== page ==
I have been given a free copy of this book, in exchange for an unbiased review.

2 of 2 people found this review helpful

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Another fabulous book from the author

Mr. Hedbor once again weaved a historical story that kept me listening to the bitter end! Calabar, a slave in an indigo plantation, was given his freedom when his master died and his son felt that since Calabar only knew about the production of the indigo plants and the process of making it suitable for the sell of dye, did not need him and wasn't worth the selling to another plantation owner. Calabar was forced to leave his wife and young baby with a heavy heart and head to the unknown. It was by luck that he meet a merchant who found out that Calabar worked in an indigo plantation and needed his skills to purchase the best stock. This story takes place during the start of the Revolution and gives you the insight on how it would be for a free slave life. And I must say that Mr. Hedbor did a fabulous job in having Shamaan Casey narrator his story. This narrator's voice is so wonderful to listen to and you forget it's one person doing the telling of the story as he changes from one person to another. Bravo to them both!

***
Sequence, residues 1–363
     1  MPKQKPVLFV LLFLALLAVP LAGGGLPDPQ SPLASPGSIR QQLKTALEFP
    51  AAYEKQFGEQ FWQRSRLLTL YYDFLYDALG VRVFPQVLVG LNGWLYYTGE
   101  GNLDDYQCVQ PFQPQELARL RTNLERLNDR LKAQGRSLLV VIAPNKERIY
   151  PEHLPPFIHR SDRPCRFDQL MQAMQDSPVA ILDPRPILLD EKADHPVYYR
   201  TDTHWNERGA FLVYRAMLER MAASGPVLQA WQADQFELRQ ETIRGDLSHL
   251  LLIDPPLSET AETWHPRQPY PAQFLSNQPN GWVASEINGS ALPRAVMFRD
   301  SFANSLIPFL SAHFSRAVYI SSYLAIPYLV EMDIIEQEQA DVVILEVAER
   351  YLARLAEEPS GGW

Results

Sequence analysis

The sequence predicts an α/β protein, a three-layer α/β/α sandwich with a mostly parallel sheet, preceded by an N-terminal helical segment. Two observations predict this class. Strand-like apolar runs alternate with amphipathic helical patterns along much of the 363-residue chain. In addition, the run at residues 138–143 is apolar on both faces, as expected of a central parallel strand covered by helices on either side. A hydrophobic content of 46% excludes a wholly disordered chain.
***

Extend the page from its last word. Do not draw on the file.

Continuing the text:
2 of 2 people found this review helpful

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This is an excellent book!

The Author has a gift for historical storytelling... I am truly enjoying this series... I have listened to a few already. The characters are well developed and become friends quickly. The Period in time and the attention to said detail are very interesting. The Narrator is absolutely amazing and brings the Charachters to life well. The only disappointment I found, was when the Author was giving credits at the end of the book... He really should have thanked the Narrator... This book was provided free of charge in exchange for a fair review of the book... Thank You!